On appeal, the District of Columbia Court of Appeals affirmed. On further appeal, the U.S. Supreme Court, in an opinion by Justice Ginsburg joined by Justices Breyer, Sotomayor, Kagan and Roberts, reversed, holding that “tolled” means what it says – to stop the clock. Notoriously hostile to employee rights, Justice Gorsuch filed a dissenting opinion in which Justices Kennedy, Thomas, and Alito joined, explaining that the word “tolled” can have two different meanings – to stop the clock or to not stop the clock – depending on context. And, in this case, where the Supplemental Jurisdiction Statute says that the statutes of limitation on claims are tolled during the time that the case is pending in federal court, it means that the running of the statutes of limitation is actually not tolled or stopped.
In the second case, Digital Realty Trust, Inc. v. Somers (2018) 138 S.Ct. 767, the Supreme Court oddly held that the anti-retaliation provision of the Dodd-Frank Wall Street Reform and Consumer Protection Act only protects individuals who have reported a violation of the securities laws to the SEC. Strangely, in so holding, the Supreme Court rejected the interpretations of the Second and Ninth Circuit, which had cogently explained why an internal complaint was sufficient to invoke the protections of Dodd-Frank.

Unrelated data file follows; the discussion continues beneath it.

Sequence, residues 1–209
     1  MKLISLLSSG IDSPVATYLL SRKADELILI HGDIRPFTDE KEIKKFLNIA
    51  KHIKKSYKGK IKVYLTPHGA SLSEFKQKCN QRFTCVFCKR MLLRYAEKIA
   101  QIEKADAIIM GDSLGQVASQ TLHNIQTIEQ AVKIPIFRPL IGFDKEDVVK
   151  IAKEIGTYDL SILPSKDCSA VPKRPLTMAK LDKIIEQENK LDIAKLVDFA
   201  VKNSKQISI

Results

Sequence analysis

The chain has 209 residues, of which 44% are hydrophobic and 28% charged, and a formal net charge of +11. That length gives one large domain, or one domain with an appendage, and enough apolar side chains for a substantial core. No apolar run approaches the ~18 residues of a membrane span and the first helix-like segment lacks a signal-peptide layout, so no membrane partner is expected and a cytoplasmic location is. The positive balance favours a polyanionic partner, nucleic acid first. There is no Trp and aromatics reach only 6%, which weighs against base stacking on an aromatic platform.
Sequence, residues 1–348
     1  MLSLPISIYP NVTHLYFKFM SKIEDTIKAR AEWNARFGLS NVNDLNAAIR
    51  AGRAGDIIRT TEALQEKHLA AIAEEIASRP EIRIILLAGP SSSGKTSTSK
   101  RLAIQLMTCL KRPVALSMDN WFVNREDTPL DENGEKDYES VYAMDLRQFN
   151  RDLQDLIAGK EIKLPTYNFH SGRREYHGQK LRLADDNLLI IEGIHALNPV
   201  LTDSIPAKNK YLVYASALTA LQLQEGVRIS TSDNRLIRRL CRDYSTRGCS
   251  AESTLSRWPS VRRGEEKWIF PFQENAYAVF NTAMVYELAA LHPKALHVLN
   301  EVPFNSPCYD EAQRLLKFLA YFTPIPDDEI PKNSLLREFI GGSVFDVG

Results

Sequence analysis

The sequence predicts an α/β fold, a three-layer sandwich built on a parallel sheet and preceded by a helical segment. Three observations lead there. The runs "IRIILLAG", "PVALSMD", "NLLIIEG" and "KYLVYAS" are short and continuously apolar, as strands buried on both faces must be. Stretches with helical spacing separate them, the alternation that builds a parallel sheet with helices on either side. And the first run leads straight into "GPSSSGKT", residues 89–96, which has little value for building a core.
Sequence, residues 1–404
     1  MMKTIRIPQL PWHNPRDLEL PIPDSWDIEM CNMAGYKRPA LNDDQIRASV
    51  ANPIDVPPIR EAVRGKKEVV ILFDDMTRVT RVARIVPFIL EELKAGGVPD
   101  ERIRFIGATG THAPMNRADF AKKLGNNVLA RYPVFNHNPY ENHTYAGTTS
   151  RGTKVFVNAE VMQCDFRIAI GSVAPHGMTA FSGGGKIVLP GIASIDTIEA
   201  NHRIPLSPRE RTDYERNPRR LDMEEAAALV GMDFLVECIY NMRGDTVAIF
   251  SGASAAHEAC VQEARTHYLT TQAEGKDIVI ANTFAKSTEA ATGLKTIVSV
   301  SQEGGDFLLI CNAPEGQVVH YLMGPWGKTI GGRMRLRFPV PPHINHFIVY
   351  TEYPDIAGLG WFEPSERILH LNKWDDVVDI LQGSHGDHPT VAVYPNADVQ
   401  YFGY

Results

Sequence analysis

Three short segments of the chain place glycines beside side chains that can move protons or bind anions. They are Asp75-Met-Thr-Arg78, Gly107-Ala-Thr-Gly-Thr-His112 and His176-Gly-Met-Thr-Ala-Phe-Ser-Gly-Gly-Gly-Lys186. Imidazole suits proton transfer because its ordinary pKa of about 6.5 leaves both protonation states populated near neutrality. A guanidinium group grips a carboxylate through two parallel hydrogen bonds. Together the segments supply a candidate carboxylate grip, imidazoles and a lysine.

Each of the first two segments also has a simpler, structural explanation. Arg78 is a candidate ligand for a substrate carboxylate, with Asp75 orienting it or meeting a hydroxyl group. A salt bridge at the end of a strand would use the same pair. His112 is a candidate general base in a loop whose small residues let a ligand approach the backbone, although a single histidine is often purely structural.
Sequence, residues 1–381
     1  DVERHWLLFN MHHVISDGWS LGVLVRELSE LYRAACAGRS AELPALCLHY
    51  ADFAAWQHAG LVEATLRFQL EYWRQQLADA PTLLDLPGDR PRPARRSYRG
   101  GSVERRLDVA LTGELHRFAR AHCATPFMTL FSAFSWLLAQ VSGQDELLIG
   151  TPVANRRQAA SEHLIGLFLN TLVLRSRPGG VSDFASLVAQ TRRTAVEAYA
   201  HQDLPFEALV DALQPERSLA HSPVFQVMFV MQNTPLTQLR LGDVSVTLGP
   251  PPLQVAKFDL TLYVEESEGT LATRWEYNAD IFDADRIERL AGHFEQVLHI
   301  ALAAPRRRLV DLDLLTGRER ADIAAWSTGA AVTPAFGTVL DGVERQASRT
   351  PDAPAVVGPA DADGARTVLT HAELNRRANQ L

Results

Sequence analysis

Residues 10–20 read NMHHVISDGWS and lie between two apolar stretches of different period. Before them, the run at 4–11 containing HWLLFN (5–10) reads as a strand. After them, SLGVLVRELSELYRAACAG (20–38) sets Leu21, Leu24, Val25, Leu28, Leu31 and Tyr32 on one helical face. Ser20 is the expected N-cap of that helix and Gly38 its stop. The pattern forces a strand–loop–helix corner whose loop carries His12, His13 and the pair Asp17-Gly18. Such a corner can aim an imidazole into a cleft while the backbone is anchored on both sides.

The Ninth Circuit
During 2017, the Ninth Circuit issued five important decisions in the areas of retaliation (Arias v. Raimondo (9th Cir. 2017) 860 F.3d 1185), sexual harassment (Zetwick v. County of Yolo (9th Cir. 2017) 850 F.3d 436), gender discrimination (Mayes v. WinCo Holdings, Inc. (9th Cir. 2017) 846 F.3d 1274), the Fair Credit Reporting Act (Syed v. M-I, LLC (9th Cir. 2017) 846 F.3d 1034), and taxes (Clemens v. Centurylink Inc. (9th Cir. 2017) 874 F.3d 1113).